Man of Steel (2013, Zack Snyder)

man-of-steel

Spoiler warning: these reviews reveal plot twists.

Clark Kent has always known he’s special – but he soon learns that his extraordinary powers are because he’s from a distant planet…

Good guys: Kal-El is born in the first scene. When his home planet, Krypton, is threatened with destruction, his parents send him to Earth for safekeeping. He’s adopted by a Kansas couple, the Kents, who call him Clark. He occasionally uses the superpowers his alien heritage gives him – saving his friends after a bus drives into a lake, for example – but his new dad implores him to keep his powers secret, even if that means letting people die. As a grown man (Henry Cavill), Clark drifts from job to job – fisherman, barman, unspecified helper at a scientific outpost. He miraculously saves some workers from a burning oilrig, then moves on before questions can be asked. At the outpost, an alien spacecraft has been discovered in the ice. It’s from Krypton and contains a hologram… type… thing… of Clark’s dead biological father, who tells him his history and gives him a skin-tight blue outfit with a red cape. This dad wants Clark to reveal himself to the world, leaving Clark in a quandary. Then Kryptonian crim Zod shows up and calls him out. (This happens when Clark is 33 – just one of a few messianic references.) After a very long fight between the two, Superman – as he’s been dubbed by some soldiers – kills Zod by twisting his neck. Clark then realises he needs a job that will let him go incognito into dangerous situations, so – despite having no experience or qualifications or degree or CV or references or previous published work – gets a job at a national newspaper. Cavill makes a good stab at the role: he’s likeable and deserves a better film. Meanwhile, the talented Amy Adams is wasted as bland journalist Lois Lane. She meets Clark when she reports on the discovery in the ice. Once back in Metropolis, she reminds editor Perry White (Laurence Fishburne) that she’s a Pulitzer Prize-winning writer. From the lifeless article she’s just read out to him, it’s difficult to see how. She then tries to track down a vanished Clark and finds him at his adoptive father’s grave. When Zod arrives, he demands that she join Clark as his hostage – this seems to be solely so she can then later escape.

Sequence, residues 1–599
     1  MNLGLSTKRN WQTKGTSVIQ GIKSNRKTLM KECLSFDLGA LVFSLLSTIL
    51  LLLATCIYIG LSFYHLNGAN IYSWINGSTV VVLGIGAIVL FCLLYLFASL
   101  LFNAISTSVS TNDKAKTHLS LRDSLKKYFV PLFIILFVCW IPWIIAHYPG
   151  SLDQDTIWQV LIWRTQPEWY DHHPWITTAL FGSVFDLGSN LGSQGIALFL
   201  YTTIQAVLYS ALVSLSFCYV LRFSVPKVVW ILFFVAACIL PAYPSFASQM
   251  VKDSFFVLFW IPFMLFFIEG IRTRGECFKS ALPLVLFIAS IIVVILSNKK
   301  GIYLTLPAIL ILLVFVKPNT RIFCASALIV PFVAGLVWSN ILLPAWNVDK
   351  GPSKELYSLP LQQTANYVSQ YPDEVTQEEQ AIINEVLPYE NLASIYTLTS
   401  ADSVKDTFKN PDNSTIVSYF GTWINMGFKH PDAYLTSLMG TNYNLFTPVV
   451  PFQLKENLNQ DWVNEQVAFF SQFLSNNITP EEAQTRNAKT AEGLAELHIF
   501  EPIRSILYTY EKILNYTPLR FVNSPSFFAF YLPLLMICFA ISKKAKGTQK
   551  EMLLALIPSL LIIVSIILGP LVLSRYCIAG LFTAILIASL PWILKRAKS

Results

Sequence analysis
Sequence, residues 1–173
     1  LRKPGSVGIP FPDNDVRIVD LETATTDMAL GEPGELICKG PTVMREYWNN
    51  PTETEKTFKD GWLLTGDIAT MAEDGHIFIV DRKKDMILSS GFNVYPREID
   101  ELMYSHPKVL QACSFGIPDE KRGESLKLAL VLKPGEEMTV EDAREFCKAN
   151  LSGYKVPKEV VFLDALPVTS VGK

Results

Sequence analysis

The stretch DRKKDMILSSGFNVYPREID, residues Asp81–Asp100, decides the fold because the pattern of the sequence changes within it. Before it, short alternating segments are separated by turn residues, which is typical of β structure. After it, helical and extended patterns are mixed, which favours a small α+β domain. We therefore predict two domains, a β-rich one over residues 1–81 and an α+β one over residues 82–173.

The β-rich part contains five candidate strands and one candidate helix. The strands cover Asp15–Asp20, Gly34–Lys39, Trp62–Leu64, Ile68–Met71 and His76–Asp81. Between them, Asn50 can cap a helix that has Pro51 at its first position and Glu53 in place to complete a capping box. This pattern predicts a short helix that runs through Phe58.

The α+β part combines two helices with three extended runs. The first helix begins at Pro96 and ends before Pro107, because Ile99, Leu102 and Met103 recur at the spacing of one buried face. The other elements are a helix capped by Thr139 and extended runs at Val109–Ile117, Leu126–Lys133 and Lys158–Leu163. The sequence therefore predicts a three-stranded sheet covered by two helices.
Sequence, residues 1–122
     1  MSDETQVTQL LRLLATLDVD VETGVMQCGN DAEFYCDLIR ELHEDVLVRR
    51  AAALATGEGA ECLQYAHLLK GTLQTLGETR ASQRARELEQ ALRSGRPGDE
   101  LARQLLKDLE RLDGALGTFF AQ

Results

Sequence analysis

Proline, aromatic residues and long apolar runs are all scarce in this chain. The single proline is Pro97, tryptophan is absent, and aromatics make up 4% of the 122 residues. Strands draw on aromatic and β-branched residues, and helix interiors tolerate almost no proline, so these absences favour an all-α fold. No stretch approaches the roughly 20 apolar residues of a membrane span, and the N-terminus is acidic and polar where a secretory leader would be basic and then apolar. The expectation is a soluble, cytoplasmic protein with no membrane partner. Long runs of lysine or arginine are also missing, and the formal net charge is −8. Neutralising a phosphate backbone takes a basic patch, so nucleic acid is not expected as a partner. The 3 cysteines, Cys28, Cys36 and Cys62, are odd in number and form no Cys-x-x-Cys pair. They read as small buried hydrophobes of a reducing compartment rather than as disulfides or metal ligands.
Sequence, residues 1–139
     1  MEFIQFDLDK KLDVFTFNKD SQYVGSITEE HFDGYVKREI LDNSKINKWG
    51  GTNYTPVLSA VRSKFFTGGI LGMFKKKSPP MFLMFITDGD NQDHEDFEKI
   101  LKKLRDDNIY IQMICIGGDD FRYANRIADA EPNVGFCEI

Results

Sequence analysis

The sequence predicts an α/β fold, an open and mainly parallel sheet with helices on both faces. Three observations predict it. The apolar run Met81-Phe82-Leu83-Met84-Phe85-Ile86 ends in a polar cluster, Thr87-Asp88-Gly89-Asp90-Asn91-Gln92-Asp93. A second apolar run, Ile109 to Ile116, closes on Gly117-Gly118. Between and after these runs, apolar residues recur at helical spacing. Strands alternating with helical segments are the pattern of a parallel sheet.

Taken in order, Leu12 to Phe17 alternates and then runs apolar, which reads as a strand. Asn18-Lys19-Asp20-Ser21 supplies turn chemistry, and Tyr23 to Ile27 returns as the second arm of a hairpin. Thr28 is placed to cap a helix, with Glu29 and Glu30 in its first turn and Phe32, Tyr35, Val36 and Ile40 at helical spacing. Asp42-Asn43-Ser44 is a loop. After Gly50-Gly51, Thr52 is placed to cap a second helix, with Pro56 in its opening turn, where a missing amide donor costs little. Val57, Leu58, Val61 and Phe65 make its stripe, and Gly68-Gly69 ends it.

Bad guys: General Zod is a Kryptonian villain who stages a coup, but is then tried and imprisoned in the Phantom Zone. He’s sent there in a spaceship that looks like a penis but later escapes… because… plot. Heading to Earth to look for the Codex (a DNA database or something), he threatens to destroy the planet if he doesn’t get what he wants. Rather than give an acting performance, Michael Shannon just shouts a lot.

Other guys: Clark has two fathers, each played by Robin Hood. Russell Crowe trots out his vaguely British accent from Master and Commander as Kryptonian dad Jor-El. He’s more kickass than the Marlon Brando version, but is killed during a punch-up with Zod. He later appears to his son (and Lois, and Zod) as an interactive, omniscient hologram. Meanwhile, Kevin Costner plays Kansas farmer Jonathan Kent, and it’s a decent performance. When a very sudden tornado strikes, Clark chooses to watch Jonathan die rather than – as earlier with the school bus and later with the oil rig – risk people seeing him do something superhero-y. Diane Lane plays Jonathan’s wife, Martha. Richard Schiff from The West Wing plays scientist Emil Hamilton: it’s a tiny role, but he’s the classiest thing in the film.

Best bits:

* In a flashback to his youth, Clark can’t cope with his hypersensitive sight and hearing – he sees people’s skeletons and veins, and hears every tiny noise all at once.

* The early scenes of Clark wandering from town to town – presumably in New England – have a gentle, airy, soft-rain quality.

* Clark’s first test flight (the music cue is terrific).